Kitware to Develop Next-generation Tools for Understanding Human Movement
Kitware will lead a team of experts under the new IARPA HAYSTAC program to understand human travel patterns using advanced AI techniques
Clifton Park, N.Y. (June 27, 2023) – Kitware, a leading provider of advanced computer vision research, is proud to announce its recent contract win for the Intelligence Advanced Research Projects Activity (IARPA) Hidden Activity Signal And Trajectory Anomaly Characterization (HAYSTAC) program. This achievement reinforces Kitware’s software R&D expertise and commitment to developing innovative artificial intelligence tools and techniques.
Currently, large-scale human movement modeling focuses on aggregated, high-level data to study migration, the spread of disease, and other patterns of behavior. For example, hourly toll booth counts indicate traffic volume. The IARPA HAYSTAC program aims to capture more fine-grained, individual human movement patterns to identify what characterizes “normal” movement while upholding public expectations for privacy. In contrast to toll booth counts, this could mean modeling the behavior of vehicles traveling along a toll road. Where do they originate from? Where do they typically go after the toll booth, and what stops do they make along a given route? How can we model this behavior without violating any individual’s privacy?
To help achieve these goals, Kitware will lead a team including the University of Maryland, CityData.ai, the University of Central Florida, The University of North Carolina at Chapel Hill, and the University of Texas at Dallas. The team will be responsible for simulating urban human movement patterns at a mega-city scale over long periods of time, up to a year. The team will detect anomalous patterns of behavior in the huge volume of simulated trajectories that represent a city’s inhabitants. They will also plan itineraries, in which multiple teams compete, to identify what trajectories are generated from activity that was inserted by one of the other teams. Successful HAYSTAC systems will be capable of identifying trajectories created by subtle deviations against normal while also being able to generate activity and corresponding trajectories which are not distinguishable from normal. This game of hide and seek will ultimately lead to a deep characterization of normal human activity while maintaining an expectation of privacy that can be used to train AI algorithms.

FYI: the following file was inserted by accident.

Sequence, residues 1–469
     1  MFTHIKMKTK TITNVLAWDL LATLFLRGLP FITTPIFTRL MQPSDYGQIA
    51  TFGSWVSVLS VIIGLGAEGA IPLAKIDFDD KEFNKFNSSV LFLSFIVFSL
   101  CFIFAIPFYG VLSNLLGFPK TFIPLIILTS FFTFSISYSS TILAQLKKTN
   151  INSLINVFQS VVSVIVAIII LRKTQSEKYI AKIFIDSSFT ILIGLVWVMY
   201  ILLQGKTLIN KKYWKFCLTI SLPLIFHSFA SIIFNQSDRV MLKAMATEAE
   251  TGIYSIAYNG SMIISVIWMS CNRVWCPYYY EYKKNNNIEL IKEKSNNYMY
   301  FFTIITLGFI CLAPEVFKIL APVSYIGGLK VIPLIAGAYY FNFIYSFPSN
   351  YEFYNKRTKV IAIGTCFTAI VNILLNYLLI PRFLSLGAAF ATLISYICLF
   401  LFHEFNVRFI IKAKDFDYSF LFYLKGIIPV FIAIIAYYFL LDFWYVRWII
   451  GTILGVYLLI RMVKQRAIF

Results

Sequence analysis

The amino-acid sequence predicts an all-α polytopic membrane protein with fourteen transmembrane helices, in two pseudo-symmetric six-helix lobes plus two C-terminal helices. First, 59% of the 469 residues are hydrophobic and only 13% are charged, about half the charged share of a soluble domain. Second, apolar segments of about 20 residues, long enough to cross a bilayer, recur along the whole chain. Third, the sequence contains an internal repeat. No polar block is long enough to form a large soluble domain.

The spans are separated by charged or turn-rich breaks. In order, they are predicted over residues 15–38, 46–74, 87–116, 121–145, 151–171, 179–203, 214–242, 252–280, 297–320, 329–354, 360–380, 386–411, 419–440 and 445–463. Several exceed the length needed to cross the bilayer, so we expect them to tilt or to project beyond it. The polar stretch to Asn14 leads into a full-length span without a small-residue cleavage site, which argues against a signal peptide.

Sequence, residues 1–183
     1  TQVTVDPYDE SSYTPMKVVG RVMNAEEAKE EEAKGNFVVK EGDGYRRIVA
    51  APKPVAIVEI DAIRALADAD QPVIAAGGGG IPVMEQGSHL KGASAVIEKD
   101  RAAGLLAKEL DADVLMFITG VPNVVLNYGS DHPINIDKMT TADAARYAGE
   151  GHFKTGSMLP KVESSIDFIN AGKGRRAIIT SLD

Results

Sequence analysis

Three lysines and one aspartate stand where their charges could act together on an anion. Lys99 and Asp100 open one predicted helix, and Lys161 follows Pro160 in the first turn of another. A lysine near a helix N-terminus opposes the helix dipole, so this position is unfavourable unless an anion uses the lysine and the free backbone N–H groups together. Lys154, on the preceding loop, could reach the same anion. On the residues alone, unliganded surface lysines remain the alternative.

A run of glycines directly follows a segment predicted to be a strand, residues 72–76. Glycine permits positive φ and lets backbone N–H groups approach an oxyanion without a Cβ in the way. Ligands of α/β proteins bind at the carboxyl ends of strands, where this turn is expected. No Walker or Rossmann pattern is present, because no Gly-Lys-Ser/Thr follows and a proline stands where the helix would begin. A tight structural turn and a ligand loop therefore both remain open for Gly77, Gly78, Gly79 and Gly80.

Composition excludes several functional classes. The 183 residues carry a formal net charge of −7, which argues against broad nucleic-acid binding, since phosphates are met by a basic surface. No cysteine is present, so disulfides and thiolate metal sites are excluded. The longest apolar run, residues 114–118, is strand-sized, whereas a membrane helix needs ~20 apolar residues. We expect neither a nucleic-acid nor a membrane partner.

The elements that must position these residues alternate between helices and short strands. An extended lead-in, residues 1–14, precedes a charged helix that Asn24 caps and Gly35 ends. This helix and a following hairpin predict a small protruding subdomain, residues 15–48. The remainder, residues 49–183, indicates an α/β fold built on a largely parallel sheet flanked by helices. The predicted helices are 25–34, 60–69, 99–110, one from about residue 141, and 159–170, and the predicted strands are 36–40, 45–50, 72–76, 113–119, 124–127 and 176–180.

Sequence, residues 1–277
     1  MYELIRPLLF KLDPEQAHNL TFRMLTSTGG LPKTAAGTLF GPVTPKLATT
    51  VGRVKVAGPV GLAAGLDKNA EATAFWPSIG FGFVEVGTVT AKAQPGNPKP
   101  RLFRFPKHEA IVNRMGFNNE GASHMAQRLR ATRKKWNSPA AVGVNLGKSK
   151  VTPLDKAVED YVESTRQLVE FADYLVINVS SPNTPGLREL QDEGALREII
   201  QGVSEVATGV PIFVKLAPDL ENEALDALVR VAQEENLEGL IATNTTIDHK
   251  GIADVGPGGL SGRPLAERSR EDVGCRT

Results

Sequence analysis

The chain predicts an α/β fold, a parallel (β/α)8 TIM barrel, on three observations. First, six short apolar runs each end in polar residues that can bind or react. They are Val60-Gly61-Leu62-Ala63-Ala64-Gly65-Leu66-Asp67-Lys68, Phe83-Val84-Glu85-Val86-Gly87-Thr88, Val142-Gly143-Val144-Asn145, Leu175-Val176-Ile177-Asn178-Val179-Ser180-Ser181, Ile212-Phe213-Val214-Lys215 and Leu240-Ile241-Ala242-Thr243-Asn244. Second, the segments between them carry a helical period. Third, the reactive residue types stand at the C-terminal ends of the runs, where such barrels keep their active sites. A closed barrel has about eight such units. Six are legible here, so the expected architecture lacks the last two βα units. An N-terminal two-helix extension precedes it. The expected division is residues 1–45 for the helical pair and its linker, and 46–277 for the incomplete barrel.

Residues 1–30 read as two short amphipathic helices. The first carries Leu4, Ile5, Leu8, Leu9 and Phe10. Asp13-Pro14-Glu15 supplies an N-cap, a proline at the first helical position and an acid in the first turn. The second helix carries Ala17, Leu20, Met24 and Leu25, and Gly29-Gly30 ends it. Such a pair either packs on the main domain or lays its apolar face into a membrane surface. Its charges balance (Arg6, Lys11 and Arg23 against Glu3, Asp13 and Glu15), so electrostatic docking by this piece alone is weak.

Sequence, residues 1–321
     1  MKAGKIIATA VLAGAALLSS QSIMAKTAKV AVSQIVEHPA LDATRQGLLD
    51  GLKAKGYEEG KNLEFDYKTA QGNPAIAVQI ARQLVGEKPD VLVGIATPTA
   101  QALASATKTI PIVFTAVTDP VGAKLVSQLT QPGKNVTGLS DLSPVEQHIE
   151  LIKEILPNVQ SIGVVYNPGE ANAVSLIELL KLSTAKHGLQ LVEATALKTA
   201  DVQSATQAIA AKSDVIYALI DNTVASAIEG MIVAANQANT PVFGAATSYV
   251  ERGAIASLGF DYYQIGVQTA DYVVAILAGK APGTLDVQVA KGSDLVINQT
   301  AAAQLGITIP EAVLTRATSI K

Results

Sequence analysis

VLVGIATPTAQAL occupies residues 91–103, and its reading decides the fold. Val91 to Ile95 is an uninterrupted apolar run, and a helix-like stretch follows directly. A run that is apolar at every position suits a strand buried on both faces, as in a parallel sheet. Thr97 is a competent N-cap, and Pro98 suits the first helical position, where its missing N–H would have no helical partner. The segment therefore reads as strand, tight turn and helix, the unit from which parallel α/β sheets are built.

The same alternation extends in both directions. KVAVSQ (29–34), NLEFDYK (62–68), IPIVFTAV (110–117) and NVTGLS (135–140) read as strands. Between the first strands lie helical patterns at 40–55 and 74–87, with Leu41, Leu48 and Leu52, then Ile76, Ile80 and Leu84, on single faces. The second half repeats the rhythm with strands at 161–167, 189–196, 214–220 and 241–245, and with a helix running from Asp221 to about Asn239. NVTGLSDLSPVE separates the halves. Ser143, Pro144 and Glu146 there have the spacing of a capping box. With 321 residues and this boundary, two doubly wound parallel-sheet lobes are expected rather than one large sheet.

“Understanding fine-grained human movement patterns can lead to improvements in city infrastructure that reduce commute times and congestion, target resources toward beautifying city streets to encourage walking, and help in planning more sustainable transportation systems,” said Brian Clipp, Ph.D. and principal investigator for HAYSTAC at Kitware. “For these and many other reasons we are thrilled to be a prime contractor for the IARPA HAYSTAC program. We look forward to collaborating with our team and IARPA to create privacy-preserving datasets and trajectory analysis methods that can fuel AI developments in human movement understanding.”
For more information about Kitware’s artificial intelligence capabilities, visit kitware.com/expertise.
Kitware delivers innovation to its customers. As a software research and development company, Kitware solves the world’s most complex scientific challenges using custom software solutions built on open source technology. In addition to custom software development, the company also offers technical support and training services to anyone using its open source tools. Since its founding in 1998, Kitware has developed a reputation for its unparalleled technical expertise and excellent customer service. The company is proud to be 100% employee-owned. For additional information, visit kitware.com or follow them on Twitter, LinkedIn, and Facebook.